I once held a theory that what motivated people to vote was merely a perverse sense of competition perpetuated by the two-party system, and that most of us had little to no idea what the candidates represented or what they planned to do, and that we were instead attracted mostly to the idea of the man or woman running.
I think that most people really want things done for them. They don’t want to put forth the effort in finding out what the candidates will do once in office, just like so many people didn’t care to research a bit more and see that Barack Obama in fact did not want to raise their taxes but planned to instead lower them and enact polices that would actually benefit the majority’s economic interests, or that he was an American citizen who was actually born in America and who in fact, like a strong majority of Americans, was a practicing Christian.
It’s no phenomenon. This is just an example of the kind of thing that has been going on throughout human history; and it is a testament to the power of fear, no doubt, for fear is the greatest weapon in all of human interaction, as that history has repeatedly proven.
Yet I often wonder how possible it would be to invoke fear in the masses without a certain foundation, an aspect that I’ve lately viewed among the most overlooked and most crucial of the human mind, or at least of the collective consciousness. Irreverence. How great is the link between the mass’ great fears and its capacity for irreverence?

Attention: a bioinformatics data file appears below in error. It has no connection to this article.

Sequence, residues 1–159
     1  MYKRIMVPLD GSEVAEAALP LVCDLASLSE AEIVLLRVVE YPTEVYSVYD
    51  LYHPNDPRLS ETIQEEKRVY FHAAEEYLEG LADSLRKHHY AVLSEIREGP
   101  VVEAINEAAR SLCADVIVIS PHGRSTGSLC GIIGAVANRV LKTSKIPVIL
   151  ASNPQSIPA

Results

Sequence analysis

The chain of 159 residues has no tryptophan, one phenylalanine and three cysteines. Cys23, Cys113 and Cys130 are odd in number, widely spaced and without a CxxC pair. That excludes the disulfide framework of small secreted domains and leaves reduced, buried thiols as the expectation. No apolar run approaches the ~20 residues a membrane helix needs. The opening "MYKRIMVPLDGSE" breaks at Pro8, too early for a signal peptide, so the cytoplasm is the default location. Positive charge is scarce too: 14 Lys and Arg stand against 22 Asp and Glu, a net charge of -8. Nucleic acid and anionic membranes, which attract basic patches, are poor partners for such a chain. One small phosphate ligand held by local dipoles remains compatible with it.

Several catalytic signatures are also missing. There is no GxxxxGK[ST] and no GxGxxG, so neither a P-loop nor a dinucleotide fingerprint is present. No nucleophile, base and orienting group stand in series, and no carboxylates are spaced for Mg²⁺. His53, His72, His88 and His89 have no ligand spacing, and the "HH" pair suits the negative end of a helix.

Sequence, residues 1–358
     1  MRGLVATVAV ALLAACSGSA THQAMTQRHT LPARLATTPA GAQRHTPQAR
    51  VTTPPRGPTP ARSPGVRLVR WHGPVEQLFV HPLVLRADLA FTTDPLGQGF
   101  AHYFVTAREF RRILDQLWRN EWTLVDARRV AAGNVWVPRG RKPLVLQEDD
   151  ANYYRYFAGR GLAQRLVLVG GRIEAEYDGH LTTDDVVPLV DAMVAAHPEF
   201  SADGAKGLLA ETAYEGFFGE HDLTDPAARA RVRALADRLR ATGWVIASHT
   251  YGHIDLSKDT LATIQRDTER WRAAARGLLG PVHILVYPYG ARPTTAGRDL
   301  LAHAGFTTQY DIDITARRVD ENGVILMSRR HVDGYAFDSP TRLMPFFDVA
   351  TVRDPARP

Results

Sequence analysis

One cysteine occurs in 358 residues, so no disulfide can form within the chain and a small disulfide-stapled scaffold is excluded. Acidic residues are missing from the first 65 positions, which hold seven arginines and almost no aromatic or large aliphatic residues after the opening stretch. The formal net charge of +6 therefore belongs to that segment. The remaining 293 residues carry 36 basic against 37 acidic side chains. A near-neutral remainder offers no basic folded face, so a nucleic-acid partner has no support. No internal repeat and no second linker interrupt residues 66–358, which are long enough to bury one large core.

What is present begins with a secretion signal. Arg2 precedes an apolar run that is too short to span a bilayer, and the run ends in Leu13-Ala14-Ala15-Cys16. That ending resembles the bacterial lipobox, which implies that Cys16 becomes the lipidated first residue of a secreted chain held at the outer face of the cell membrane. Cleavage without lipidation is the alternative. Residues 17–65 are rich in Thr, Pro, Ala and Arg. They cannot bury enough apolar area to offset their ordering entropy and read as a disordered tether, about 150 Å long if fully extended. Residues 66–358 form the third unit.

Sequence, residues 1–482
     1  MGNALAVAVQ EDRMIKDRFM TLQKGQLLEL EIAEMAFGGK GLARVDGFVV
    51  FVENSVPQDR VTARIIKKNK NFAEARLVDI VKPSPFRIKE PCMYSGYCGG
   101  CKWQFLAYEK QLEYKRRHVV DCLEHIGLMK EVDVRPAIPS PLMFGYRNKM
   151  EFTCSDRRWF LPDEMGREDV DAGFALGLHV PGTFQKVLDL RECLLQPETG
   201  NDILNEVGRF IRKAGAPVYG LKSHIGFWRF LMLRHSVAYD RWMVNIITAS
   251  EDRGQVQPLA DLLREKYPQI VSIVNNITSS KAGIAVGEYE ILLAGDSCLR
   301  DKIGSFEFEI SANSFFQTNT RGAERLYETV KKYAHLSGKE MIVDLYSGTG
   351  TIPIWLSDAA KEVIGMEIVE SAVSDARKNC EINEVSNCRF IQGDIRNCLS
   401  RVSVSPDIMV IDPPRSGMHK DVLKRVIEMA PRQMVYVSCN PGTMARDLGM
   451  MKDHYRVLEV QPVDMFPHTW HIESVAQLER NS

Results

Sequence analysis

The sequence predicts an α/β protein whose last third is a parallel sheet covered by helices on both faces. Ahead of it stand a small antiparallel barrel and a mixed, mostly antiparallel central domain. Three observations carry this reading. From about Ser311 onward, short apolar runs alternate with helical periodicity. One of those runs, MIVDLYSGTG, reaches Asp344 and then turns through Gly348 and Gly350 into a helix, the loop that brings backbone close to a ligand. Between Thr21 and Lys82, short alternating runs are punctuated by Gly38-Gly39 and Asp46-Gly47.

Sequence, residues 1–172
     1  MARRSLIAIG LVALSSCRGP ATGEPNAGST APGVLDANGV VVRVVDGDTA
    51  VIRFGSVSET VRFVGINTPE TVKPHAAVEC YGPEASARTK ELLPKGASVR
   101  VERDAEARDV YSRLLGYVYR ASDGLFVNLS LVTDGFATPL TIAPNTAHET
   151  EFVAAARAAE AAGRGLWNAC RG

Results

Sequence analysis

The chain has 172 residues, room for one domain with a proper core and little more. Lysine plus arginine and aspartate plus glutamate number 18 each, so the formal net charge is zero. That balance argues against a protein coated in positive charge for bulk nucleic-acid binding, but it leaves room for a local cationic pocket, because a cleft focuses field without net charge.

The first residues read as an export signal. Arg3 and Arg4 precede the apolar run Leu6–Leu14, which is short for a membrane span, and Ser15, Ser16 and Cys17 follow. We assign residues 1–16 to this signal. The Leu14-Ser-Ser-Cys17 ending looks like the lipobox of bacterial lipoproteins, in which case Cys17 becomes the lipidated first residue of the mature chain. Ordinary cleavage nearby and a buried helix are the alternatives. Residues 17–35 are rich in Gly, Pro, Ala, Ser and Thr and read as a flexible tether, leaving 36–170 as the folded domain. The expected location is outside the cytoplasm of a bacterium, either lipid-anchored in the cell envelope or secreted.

The link between the two, I’ve long believed, is profound. I believe that it is irreverence that allows a people to be afraid, and thus manipulated by those invoking the fear. If the masses never truly inform themselves and are fed soundbites and mere snapshots–many of which have been photoshopped–meant to represent the truth, or a piece of it, or a version of it, or the truth in a nutshell, they set themselves up to be easily deceived, and controlled.
“Red light means stop, green means go. Good? Good. So when I lift this green light, everybody hit it! Got it? Good?”
And no one thinks about why red means stop or how it got that designation, or whether there are other shades to consider, because their attitude toward the truth is far less proactive than reactive; and so lies the great principle in the ongoing relationship between the few and the many, a principle that has echoed from the days of Ancient Rome and well into the modern day between the elites and the masses; between the richest, most powerful men and women in the world, a mere one percent of the world’s population, and the rest of us. The 99 percent.
But today and for the past month I’ve seen the first signs of people breaking that barrier, I’ve seen young people grow in number on the streets of New York City and proclaim their outrage at those who invoke the fear, at those who have maintained a lie to keep themselves increasingly powerful while the majority, they hope, continues along its mindless, abusive path of constructed inferiority.
This past month has shown the first signs of awakening among those who’ve long been trapped in a thirty-year catatonia; an awakening to the fact that change cannot be brought by any one man or woman or political party, and that no greater power lies in that of the majority, in that of the people.